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NIU fraternity and sorority members sued after hazing death

When your teen enters their first year at college, you hope that they will make new friends, join campus organizations and dive deep into their studies. One of your hopes for them could be that they get involved in Greek life.

However, when it comes to Greek organizations, you may have heard horror stories about prospective hopefuls being hazed by the organizations’ members. One such horror story became two parents’ worst nightmare, proving that hazing can have deadly consequences.

Hazing ritual ends in pledge’s death

In 2012, a party held by fraternity members at Northern Illinois University ended tragically when the fraternity house became one pledge’s final resting place. The party took place at Pi Kappa Alpha’s local chapter house where fraternity and sorority members participated in a hazing ritual. The members instructed the victim and other fraternity pledges to consume vodka out of 4-ounce cups while playing a game to prove their desire to join the organization.

As a result, the victim ended up drinking nearly a pint and a half of vodka in just over hour. The next morning, the student was found dead and toxicology results showed that he had a blood-alcohol content of 0.351 percent when he died. The lawyer for the family stated that his BAC reached 0.43 before his death over the course of the night.

Victim’s family files wrongful death lawsuit

In response, the victim's family filed wrongful death lawsuits against the property owner of the fraternity house, the fraternity’s local chapter as well as the national fraternity organization. When the case first went to court, the county court judge dismissed the case. The family appealed the ruling all the way up to the Illinois Supreme Court.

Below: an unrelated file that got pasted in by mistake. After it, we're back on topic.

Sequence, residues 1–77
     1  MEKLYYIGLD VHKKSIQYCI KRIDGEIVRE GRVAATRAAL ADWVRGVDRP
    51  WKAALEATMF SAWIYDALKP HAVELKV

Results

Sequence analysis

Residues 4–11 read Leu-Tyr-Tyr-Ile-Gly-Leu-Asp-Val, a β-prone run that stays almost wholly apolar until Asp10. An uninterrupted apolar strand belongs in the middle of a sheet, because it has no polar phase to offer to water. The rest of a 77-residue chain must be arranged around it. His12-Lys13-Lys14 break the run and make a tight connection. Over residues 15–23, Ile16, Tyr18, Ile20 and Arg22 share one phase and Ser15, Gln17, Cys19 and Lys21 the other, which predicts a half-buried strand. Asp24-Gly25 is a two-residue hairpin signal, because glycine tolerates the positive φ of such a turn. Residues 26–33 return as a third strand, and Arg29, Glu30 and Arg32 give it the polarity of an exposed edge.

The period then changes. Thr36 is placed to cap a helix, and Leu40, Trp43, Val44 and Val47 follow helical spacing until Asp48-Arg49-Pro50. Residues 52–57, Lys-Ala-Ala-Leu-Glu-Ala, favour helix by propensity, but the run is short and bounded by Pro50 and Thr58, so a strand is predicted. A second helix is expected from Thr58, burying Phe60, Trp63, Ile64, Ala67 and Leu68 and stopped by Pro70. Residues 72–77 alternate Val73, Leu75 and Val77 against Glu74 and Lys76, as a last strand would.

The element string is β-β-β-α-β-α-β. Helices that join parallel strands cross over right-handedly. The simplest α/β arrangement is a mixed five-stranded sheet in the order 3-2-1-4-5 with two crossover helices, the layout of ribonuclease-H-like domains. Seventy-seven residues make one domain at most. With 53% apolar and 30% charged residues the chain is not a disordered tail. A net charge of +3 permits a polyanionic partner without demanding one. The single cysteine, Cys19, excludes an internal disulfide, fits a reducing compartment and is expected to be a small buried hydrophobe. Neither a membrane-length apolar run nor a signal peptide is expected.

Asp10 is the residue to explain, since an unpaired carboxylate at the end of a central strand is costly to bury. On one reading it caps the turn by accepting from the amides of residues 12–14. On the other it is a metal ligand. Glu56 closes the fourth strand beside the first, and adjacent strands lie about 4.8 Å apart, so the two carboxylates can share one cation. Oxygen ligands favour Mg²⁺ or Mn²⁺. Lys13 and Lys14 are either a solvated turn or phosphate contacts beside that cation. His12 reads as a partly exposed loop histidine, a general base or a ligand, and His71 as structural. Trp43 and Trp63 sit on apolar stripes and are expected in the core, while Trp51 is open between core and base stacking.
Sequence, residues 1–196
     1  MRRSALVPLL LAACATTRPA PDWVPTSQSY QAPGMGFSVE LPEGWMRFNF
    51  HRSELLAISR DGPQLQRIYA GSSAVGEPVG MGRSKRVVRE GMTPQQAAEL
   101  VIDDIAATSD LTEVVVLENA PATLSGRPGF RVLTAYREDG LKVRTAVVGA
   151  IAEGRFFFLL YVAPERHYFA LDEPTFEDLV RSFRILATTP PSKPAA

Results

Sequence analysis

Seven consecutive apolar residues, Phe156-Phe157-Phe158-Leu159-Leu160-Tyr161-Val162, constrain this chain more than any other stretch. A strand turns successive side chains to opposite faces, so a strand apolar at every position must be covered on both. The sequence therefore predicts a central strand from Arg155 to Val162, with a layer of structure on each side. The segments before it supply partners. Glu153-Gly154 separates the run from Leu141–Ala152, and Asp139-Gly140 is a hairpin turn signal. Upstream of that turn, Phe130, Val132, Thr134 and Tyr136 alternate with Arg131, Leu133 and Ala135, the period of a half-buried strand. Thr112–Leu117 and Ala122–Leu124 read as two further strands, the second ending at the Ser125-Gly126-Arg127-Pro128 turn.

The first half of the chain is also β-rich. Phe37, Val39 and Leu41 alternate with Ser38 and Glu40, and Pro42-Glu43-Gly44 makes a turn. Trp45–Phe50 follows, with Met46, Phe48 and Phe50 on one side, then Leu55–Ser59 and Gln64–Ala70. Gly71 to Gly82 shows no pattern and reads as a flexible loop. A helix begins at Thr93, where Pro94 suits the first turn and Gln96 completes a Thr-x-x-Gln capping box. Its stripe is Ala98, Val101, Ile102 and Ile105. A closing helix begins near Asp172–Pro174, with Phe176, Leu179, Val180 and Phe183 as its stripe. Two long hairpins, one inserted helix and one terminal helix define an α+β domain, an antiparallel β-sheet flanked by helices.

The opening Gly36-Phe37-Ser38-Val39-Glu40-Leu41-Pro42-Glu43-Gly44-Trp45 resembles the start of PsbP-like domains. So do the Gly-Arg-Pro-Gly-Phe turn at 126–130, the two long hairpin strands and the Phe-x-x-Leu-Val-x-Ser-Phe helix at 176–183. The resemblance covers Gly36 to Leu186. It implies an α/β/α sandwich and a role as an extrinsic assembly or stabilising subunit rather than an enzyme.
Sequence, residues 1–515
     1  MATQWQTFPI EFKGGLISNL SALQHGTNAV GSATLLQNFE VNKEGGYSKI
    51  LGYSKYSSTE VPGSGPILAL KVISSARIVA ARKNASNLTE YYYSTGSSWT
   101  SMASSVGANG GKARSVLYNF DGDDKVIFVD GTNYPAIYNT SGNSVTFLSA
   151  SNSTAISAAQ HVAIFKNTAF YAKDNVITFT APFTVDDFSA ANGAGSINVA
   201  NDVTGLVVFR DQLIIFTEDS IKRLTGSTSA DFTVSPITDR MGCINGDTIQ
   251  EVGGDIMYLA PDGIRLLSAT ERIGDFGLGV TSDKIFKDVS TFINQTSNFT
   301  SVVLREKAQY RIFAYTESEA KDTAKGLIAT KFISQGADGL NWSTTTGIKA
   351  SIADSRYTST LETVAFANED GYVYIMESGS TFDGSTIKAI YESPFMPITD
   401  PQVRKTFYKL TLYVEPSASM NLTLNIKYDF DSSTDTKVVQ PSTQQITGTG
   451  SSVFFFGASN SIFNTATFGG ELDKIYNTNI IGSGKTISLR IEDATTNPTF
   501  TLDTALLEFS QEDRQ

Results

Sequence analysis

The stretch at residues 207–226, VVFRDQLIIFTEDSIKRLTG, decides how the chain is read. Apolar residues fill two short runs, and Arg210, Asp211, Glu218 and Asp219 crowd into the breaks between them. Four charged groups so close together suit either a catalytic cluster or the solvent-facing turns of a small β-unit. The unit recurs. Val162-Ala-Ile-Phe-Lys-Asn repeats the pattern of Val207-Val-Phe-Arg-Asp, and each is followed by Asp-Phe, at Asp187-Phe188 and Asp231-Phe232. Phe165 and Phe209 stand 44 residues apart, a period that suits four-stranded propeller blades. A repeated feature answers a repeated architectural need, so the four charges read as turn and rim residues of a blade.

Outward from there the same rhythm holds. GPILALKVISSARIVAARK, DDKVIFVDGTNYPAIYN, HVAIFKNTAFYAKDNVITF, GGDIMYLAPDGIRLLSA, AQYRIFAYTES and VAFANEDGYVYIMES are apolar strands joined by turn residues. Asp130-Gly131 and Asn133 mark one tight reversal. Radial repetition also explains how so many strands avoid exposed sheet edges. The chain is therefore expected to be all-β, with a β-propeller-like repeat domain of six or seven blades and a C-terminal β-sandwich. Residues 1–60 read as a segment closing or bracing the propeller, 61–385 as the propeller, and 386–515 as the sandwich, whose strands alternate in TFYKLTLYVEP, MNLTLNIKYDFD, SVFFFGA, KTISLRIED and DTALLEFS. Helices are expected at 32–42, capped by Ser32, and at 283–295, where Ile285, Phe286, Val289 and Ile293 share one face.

The Court ruled that the victim’s family could not sue the national fraternity organization. But the justices did say they could take legal action against the local chapter along with the fraternity and sorority members who were at the party. The student’s family will continue the lawsuit against the members and hopes to go to trial in the next two years.

The victim’s family hopes to send a message to Greek organizations on college campuses nationwide that hazing has deadly and legal consequences. They hold out hope that the lawsuit will persuade all higher education institutions to review their policies for Greek life events to prevent hazing deaths in the future.

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